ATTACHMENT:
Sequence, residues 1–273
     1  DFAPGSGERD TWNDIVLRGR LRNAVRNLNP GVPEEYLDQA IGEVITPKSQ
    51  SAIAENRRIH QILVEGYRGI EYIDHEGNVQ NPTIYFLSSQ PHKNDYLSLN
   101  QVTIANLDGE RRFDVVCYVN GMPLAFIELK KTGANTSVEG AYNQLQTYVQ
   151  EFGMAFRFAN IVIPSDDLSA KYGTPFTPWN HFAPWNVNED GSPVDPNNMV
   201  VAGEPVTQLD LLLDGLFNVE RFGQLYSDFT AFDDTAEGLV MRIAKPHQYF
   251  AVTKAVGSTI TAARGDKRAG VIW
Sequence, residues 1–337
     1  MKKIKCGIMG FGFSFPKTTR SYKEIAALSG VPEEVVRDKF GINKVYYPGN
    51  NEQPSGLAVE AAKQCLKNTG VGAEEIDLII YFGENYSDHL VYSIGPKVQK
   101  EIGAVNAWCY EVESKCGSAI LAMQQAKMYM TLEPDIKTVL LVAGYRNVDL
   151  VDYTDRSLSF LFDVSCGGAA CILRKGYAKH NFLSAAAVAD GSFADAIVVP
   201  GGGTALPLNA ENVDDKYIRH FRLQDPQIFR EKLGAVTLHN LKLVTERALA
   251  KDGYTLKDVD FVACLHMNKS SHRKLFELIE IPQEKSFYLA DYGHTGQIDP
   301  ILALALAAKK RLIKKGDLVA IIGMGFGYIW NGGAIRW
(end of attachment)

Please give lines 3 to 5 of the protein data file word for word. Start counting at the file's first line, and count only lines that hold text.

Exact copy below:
    51  SAIAENRRIH QILVEGYRGI EYIDHEGNVQ NPTIYFLSSQ PHKNDYLSLN
   101  QVTIANLDGE RRFDVVCYVN GMPLAFIELK KTGANTSVEG AYNQLQTYVQ
   151  EFGMAFRFAN IVIPSDDLSA KYGTPFTPWN HFAPWNVNED GSPVDPNNMV